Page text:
So I tried to put together a fairly simple way to help pick.
WHAT TO AVOID
1) Avoid Return Chasing.
Probably one of the worst things you can do is filter by 3, 5 and 10 year returns and pick the one that has the highest return. It’s been proven over and over again that “past performance is no guarantee of future results. Actually in many cases the reverse is true. The better the past returns, the more people tend to pile in and thus the price of the investment has gone up a lot meaning that a normal “regression to the mean” will cause future performance to be worse.
Don’t get clever and try to buy the worst performing funds either because many funds disappear completely leaving the investor with $0.
2) Avoid Making things complex.
I think it’s wise to stick to 2-4 funds. Anything more gets really messy and complicated. You have to start thinking about which companies the funds hold and in what %, because there might be lots of investment overlap. You have to understand the different strategies used by the different fund managers. You have pay more attention to which indexes they compare themselves against. Additionally this generally has very little effect on long term overall performance of the investment, and it leads to “activity” by the investor that is almost always negative for returns.
3) Avoid looking at it too much.
In many situations monitoring and information are powerful tools. In investing they can be just as effective as blowing you up and giving you increased performance. Money has a huge impact on our emotions and losing it is really scary (I’m sure many of you are feeling that after “Brexit” last week). Those big moves up and down make us react in ways that are generally bad for our long term investment performance. The best advice I can have is to try to not look at your portfolio very often. Maybe a couple times a year or once a month at most; and decide in advance what you are going to do (or not do) and when you are going to do it.
Let’s pretend we have 100k in our 401k with Fidelity, where should we put it?
1) Max any Matching
401k matching is free money. Of course ever article ever written about 401Ks says to do this. For some people it’s really hard because they are living on every dollar they earn. Still… if you can, cut things out of your budget… maybe that coffee in the morning or go out to eat less or whatever. If your employer has a match not only do you get double dollars, you also get them Tax free AND you get to avoid taxes on the compounding earnings over many decades (assuming you are younger).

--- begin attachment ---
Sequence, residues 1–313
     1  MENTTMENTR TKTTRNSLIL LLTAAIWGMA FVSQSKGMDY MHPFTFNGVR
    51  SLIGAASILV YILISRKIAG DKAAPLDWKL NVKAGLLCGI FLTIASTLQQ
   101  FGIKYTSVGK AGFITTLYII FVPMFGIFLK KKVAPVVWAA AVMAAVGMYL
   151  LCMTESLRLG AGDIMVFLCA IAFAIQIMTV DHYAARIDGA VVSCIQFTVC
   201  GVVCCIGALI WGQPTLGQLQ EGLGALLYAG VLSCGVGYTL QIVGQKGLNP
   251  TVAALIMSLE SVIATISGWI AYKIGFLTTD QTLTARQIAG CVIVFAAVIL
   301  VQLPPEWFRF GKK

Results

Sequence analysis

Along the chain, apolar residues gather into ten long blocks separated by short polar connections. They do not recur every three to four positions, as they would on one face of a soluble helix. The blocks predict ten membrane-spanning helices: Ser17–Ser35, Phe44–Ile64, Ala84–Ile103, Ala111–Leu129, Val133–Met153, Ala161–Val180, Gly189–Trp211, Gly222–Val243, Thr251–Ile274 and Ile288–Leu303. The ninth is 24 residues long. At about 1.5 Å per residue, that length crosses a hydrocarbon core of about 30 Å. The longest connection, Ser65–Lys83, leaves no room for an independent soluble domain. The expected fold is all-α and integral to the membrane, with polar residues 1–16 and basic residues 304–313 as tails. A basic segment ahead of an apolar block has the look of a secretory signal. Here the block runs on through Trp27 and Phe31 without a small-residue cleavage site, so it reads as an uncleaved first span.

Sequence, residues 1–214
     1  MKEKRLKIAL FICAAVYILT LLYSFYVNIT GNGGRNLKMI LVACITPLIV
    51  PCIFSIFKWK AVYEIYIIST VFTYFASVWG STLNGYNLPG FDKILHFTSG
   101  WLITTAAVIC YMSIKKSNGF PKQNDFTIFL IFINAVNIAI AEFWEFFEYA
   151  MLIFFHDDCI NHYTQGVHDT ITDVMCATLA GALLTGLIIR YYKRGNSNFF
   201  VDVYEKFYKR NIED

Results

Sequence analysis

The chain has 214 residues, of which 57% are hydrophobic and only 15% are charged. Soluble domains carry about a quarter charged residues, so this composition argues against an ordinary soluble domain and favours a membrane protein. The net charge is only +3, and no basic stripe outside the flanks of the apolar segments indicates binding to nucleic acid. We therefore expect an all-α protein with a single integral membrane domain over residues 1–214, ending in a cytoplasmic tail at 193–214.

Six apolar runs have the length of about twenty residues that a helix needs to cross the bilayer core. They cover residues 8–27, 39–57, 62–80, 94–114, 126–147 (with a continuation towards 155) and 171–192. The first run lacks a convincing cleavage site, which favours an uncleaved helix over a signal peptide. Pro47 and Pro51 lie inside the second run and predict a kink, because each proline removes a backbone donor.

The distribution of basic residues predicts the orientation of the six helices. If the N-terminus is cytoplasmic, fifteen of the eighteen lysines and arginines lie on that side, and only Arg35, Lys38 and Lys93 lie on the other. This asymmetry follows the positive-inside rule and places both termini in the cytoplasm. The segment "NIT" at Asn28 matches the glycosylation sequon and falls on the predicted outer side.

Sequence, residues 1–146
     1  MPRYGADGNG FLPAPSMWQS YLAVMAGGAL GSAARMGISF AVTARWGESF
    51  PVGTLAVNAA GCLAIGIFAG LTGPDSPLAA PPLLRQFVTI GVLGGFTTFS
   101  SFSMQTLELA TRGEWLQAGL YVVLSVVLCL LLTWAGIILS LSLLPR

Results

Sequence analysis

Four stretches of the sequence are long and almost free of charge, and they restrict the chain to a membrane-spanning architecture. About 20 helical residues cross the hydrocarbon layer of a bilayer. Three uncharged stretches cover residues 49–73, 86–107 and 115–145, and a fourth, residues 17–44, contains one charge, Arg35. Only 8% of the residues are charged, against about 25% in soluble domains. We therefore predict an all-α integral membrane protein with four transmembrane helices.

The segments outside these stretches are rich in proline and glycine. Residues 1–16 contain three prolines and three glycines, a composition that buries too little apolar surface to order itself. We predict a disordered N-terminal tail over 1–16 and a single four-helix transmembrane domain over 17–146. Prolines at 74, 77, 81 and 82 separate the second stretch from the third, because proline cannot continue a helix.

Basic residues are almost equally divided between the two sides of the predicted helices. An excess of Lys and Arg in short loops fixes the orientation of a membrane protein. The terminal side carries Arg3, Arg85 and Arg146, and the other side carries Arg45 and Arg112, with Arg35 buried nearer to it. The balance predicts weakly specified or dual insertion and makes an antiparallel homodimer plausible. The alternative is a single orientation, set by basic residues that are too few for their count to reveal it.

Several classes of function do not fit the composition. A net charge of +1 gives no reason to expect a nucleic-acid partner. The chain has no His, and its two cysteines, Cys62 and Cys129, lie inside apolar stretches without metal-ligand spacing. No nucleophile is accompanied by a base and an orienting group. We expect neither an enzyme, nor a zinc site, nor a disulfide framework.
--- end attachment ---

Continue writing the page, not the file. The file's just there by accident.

A strategy I used when I was younger was upping it by 1% every 6 months to a year. A 1% pretax drop in my pay isn’t that noticeable, but over 3-4 years it increases contributions to 5%+ and that can have a HUGE impact over 30 years. It’s the boiling frog, but in this case it makes you richer instead of killing you :).
2) Define your risk tolerance and asset allocation.
This can be really tricky for people. Traditionally it comes down to stocks, bonds and cash. Since cash is elsewhere, the 401k really comes down to stocks and bonds. My suggesting is if you don’t know what your risk tolerance is and you are going crazy thinking about whether the market is high or low or if you should subtract your age from 120 and then set your % or if you’re a little older now, or if the bond market is overpriced. I’d keep it simple and just take 70/30 stocks/bonds and start from there.
3) Focus on fees.
When I look at which investments to make I use fees as the #1 filter. Here’s why.
Assume you have 100k in your 401k and assume that on average it will return 4% inflation adjusted a year for the next 30 years.
That initial 100k represents a “job” that “pays” you $4,000/year.
I think of fees as a “tax” on my INCOME as opposed to a cost on the PRINCIPAL. So when I evaluate fee impact I don’t do this:
100,000 * (1% fee) = 1000/year. “Wow. That’s only 1% of my money, that doesn’t seem like much.”
I do this
$4,000 income from job / $1,000 fee = 25%. “Hang on. The fund is taking 25% of my money? That seems really high.”
I’m convinced that second way is the way to evaluate ANY investment service that take a % of your money.
LET’S MAKE OUR CHOICES
So we have 70k to put in stocks and 30k to put in bonds, which ones?
So my first goal is to find the funds with the lowest fees.
Fidelity lets me do this pretty easily as I can browse the investment choices and show the fees in a nice list (they don’t let me sort by fees, so it’s a bit more work). Here’s what it looks like: